We simply cannot start school like we have in the past off and running at full throttle on the first day.  We have kids at all levels that have never stepped on the elementary, middle school or high school campus.  Kids will respond inappropriately because of the trauma and lack of socialization being isolated for so long.  Adults must respond to student behavior differently than in the past.  Focusing on the whole child and responding with an open heart will be critical to having a smooth transition to in-person, full-time learning.”

OneDublin.org: DUSD has experienced great growth in both API and now SBAC performance over the past +decade. However, an academic achievement gap has persisted with some sub-groups in Dublin. One of your notable accomplishments while leading Lincoln High School was to significantly improve API and to narrow the achievement gap. Explain how these improvements could be possible in DUSD. 

Funk: “I was fortunate to be an administrator at Lincoln High School when SJUSD moved to the A-G requirements being the default graduation requirements.  We started at a low bar.  It was important to put several strategies in place.  First, we took away all barriers or pre-requisites to Advanced Placement classes. We began paying for the PSAT for all Sophomores as an opportunity to identify and recruit more students of color into AP.  We also supported our students with after school and Saturday support classes so that teachers could offer Science lab classes for and timed writing practices.

In addition, we offered Saturday Academies for students who earned a D or F in the first semester and focused on skill gaps that allowed students to maintain enrollment in the second semester and it allowed students to make up grades or credits while progressing in the course.  That way, students did not have to wait until the summer to make up the class and kept them engaged for the second semester.

We need to meet students where they are, and we need to develop and maintain a four-year roadmap so that students do not lose their motivation to continue to work towards their diploma and their goal of going to college.”

OneDublin.org: For years, one of the towering issues for DUSD has been the successful construction/opening of a second comprehensive high school. While the development plan is not 100% complete, you expressed confidence that this project will come to fruition. Please share how you and the school board will navigate this process and how options/plans will be conveyed to the public.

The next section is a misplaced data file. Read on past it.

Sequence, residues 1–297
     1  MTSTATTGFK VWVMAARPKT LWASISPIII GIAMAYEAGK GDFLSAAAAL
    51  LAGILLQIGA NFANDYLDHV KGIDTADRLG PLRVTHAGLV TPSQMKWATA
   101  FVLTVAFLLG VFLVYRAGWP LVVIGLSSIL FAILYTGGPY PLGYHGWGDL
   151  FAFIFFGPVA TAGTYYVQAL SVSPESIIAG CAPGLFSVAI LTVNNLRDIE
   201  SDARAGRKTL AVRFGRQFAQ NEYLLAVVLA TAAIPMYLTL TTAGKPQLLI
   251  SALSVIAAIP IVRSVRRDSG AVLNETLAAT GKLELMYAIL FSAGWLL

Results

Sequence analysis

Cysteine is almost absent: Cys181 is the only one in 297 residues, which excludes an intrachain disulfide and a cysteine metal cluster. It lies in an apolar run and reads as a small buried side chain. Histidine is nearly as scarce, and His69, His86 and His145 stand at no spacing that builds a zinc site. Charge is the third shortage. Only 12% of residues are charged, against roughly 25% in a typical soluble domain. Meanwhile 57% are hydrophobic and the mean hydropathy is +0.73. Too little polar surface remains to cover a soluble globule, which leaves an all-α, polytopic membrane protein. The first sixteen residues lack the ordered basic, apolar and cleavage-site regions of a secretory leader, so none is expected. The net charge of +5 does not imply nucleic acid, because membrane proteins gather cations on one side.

Funk: “We are working with LPA Architects to develop a Master Facilities Plan which will be an updated plan from the one created in 2016.  This plan will focus on taking all previously approved projects and budget allocations and creating a new prioritized ranking in order to utilization the remaining funds from Measures C, E, H and J.

Due to many factors that include but not limited to poor planning, poor cost estimating, cost escalation and a philosophical change from modernization to rebuild of older facilities, the Dublin bond program is short funded by over two hundred million dollars.

LPA has held twenty meetings with various stakeholders to gauge interest and develop several options to bring forward to the Board which ultimately will be inserted into the facilities master plan.  At the July 20th Board meeting, LPA and staff will share approximately seven or eight options for the Board to consider.  We hope that by the second Board meeting in August, we will have the options narrowed down to two or three which will then be shared and discussed in a Town Hall meeting.

Ultimately, we hope for the Board to approve the master facilities plan which will include the prioritized projects and associated budgets as the roadmap to move forward.  We hope to move to increment 2 and 3 of Phase One for the construction of Emerald High School by November or December of 2021.”

OneDublin.org: You invested a lot of energy in constructing a 90-Day Entry Plan upon your start date. Please share why you would like the community to understand the value in this exercise and how they can participate in community engagement. 

Funk: “I followed a similar plan nine years ago when I started at EDUHSD.  Because I wanted to be measured on the length and breadth of my work as a superintendent, I wanted to be sure that I completely understood the community and the organization before I truly made or recommended systemic changes. East Side is like Dublin in the sense that the Strategic Plan was completely outdated and there were activities that the district was but was not stated in any plan.  The 90-day entry plan allowed me to develop a roadmap for the first year that carried over into my second-year fall semester, in order to take the organization and community through the strategic planning process.

Dublin already has a strong vision, mission and core values that may not need to be refreshed or changed.  Today, many districts use their Local Control Plan (LCAP0 as their Strategic Plan.  This may also be the case for Dublin.

The whole point of a 90-day plan is to engage as many stakeholders as I can and to hopefully demonstrate that I am not a bull in China shop and I’m think of myself as a thoughtful leader and want to measured not by quick fixes, or major shake-ups but the breadth and depth of systemic changes that lead to growth across the entire system.”

Dublin High School marquee wishing a safe and happy summer. School commences on August 16, 2021. Photo by: Michael Utsumi

OneDublin.org would like to express our gratitude for the opportunity to spend time with Chris Funk in the early days of his superintendency. The commencement of the 2021-22 school year will arrive on August 16, 2021. A myriad of agencies, including the Alameda County Office of Education, will provide up-to-the moment guidance on safety regulations. A link to the Superintendent’s 90-Day Entry Plan is available here: https://www.dublinusd.org/Superintendent/Dublin_Supt_Entry%20Plan_2021-062921.pdf